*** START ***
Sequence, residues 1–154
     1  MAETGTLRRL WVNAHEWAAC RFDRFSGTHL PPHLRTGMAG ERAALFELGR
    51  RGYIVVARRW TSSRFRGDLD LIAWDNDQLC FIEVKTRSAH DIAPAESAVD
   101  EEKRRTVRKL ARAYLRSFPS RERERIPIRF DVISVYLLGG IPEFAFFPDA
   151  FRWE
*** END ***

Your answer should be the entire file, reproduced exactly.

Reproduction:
Sequence, residues 1–154
     1  MAETGTLRRL WVNAHEWAAC RFDRFSGTHL PPHLRTGMAG ERAALFELGR
    51  RGYIVVARRW TSSRFRGDLD LIAWDNDQLC FIEVKTRSAH DIAPAESAVD
   101  EEKRRTVRKL ARAYLRSFPS RERERIPIRF DVISVYLLGG IPEFAFFPDA
   151  FRWE